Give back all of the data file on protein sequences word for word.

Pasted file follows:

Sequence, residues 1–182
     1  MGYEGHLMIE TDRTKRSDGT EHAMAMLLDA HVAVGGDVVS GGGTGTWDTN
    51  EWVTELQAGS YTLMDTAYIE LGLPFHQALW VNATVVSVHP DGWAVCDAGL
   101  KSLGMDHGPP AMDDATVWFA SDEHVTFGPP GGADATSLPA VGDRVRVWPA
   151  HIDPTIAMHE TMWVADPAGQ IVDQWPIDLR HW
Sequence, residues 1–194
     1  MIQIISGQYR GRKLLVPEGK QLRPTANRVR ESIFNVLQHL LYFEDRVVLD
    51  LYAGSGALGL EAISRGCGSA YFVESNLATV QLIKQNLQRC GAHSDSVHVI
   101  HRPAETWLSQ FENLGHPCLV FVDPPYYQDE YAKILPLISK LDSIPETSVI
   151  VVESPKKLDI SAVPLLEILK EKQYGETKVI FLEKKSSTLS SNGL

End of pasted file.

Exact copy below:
Sequence, residues 1–182
     1  MGYEGHLMIE TDRTKRSDGT EHAMAMLLDA HVAVGGDVVS GGGTGTWDTN
    51  EWVTELQAGS YTLMDTAYIE LGLPFHQALW VNATVVSVHP DGWAVCDAGL
   101  KSLGMDHGPP AMDDATVWFA SDEHVTFGPP GGADATSLPA VGDRVRVWPA
   151  HIDPTIAMHE TMWVADPAGQ IVDQWPIDLR HW
Sequence, residues 1–194
     1  MIQIISGQYR GRKLLVPEGK QLRPTANRVR ESIFNVLQHL LYFEDRVVLD
    51  LYAGSGALGL EAISRGCGSA YFVESNLATV QLIKQNLQRC GAHSDSVHVI
   101  HRPAETWLSQ FENLGHPCLV FVDPPYYQDE YAKILPLISK LDSIPETSVI
   151  VVESPKKLDI SAVPLLEILK EKQYGETKVI FLEKKSSTLS SNGL